The International Journal of Legal Medicine can trace its roots right back to the middle of the nineteenth century. The journal which eventually developed into the International Journal of Legal Medicine was founded by Johann Ludwig Casper, the great reformer of Prussian legal medicine [1], who embodies the beginnings of the journal’s long tradition. He inaugurated and edited the Vierteljahrsschrift für gerichtliche und öffentliche Medicin (Quarterly Journal of Legal and Public Health Medicine), first published in early 1852. By the time of his death in 1864, a total of 25 volumes had been published. While a number of similar periodicals came and went [2], his Vierteljahrsschrift endured. New editor Wilhelm Horn praised the previous volumes as “an archive for science” in which “many of the most significant questions have been debated and brought nearer to a conclusion” [3]. The subsequent “Neue Folge” (New Series) commenced in 1864 with Volume 1 and was published under the existing title until Volume 15 in 1871, and thereafter as the Vierteljahrsschrift für gerichtliche Medicin und öffentliches Sanitätswesen (Quarterly Journal of Legal Medicine and Public Health) until Volume 53 in 1890. Following Horn’s death in 1871, from volume 14 the Vierteljahrsschrift was edited by Hermann Eulenburg. When Albrecht Wernich became editor in 1891, the “Dritte Folge” (Third Series) again restarted from Volume 1. From volume 12 in 1896, the appointment of Fritz Strassmann, associate professor and director of the Berlin institute, meant that, for the first time in decades, the journal was once more under the editorship of a representative of the legal medicine profession. He co-edited the journal with a senior government medical officer until it ceased publication with Volume 62 in 1921. The collaboration between two editors from different specialities helped to establish the Vierteljahrsschrift as a periodical for the old Staatsarzneikunde (combination of Legal Medicine and Public Health).

The Dritte Folge was directly followed from 1922 by the Deutsche Zeitschrift für die gesamte gerichtliche Medizin (which, for brevity, we hereafter refer to as the Deutsche Zeitschrift). The continuity between the two periodicals was made explicit by its subtitle, Fortsetzung der Vierteljahrsschrift für gerichtliche Medizin und öffentliches Sanitätswesen (Continuation of Vierteljahrsschrift). The title page also identified the new journal as Organ der deutschen Gesellschaft für gerichtliche und soziale Medizin (Official Journal of the German Association for Legal and Social Medicine), so that the scientific association [4], founded in 1904, now had its own journal. The expanded editorial board consisted of Fritz Strassmann, two of his postgraduate students, Paul Fraenckel based in Berlin and Georg Puppe based in Breslau, and forensic psychiatrist Ernst Schultze based in Göttingen. After Puppe’s death in 1925, Ernst Ziemke, a Professor at Kiel and also an adherent of the Strassmann school, joined the committee starting with Volume 7. Following the Nazi seizure of power, two further editors—Friedrich Pietrusky, a professor from Bonn and Eduard Schütt, a legal medical officer from Wuppertal-Barmen—joined the editorial board commencing with Volume 21. Both had distinguished themselves through their exceptionally zealous support for the new ruling party [5]. In 1935, the worsening political situation in Germany resulted in a reorganisation of the editorial board. The implementation of the Reich Citizenship Law, the Nazi law depriving Jews of their German citizenship, meant that Fraenckel from Volume 25 and shortly afterwards Strassmann from Volume 26 were removed from their positions—and not just at the journal [6]. At the same time, Ziemke’s death in 1935 reduced the number of editors further, with Hermann Merkel from Munich appointed only in 1938 from Volume 29. Schultze died that same year, but the editorial board did not appoint another forensic psychiatrist to replace him. The Deutsche Zeitschrift continued to be edited by Merkel, Pietrusky und Schütt until Volume 35 in 1942. Pietrusky was then replaced by Kurt Walcher from Würzburg for Volumes 36 to 38 until 1944. The last issue of the Deutsche Zeitschrift to be published before the war’s end was Issue 5 of Volume 38 in spring 1944.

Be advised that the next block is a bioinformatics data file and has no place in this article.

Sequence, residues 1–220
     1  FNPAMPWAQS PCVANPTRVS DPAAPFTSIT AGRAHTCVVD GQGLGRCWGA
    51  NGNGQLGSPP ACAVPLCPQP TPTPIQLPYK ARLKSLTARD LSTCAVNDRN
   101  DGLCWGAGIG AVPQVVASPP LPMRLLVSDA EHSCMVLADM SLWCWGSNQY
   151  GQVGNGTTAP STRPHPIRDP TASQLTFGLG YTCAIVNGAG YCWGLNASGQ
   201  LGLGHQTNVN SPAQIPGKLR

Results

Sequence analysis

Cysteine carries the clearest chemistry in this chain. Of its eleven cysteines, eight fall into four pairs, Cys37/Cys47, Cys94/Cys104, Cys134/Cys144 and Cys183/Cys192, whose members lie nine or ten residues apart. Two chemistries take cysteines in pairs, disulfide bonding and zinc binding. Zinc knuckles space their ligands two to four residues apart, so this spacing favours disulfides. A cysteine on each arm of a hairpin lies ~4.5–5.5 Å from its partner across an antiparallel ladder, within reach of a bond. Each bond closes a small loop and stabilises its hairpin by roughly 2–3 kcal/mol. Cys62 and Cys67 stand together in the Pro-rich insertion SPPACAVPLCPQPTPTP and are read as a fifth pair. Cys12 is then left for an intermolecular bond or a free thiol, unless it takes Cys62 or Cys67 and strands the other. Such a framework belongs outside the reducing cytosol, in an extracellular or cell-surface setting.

As in the previous quarterly journal, after 1922 the contents continued to span original papers, abstracts and reports. As the official journal of the scientific association, the Deutsche Zeitschrift was used to publish conference proceedings. Our analysis focuses on original papers, because our aim is to present the academic development of legal medicine and related fields through the lens of the Deutsche Zeitschrift. We have therefore considered both original papers and presentations from the proceedings of the scientific association prepared for publication. In addition, for our exploration of the history and development of the subject, we have also considered opening speeches from conferences.

Analysis of academic articles

Key areas of academic enquiry in the period from 1922 to 1944

In keeping with the broad-based concept underpinning the Deutsche Zeitschrift, which extends well beyond the narrow confines of legal medicine, in addition to core legal medicine topics, our analysis of the content also covers topics from related forensic science fields. Other topics covered include historical and epistemological matters, plus laudations, obituaries, etc. The classification on which the analysis is based and an overview of the number of publications on individual topics over the period under review is shown in Table 1.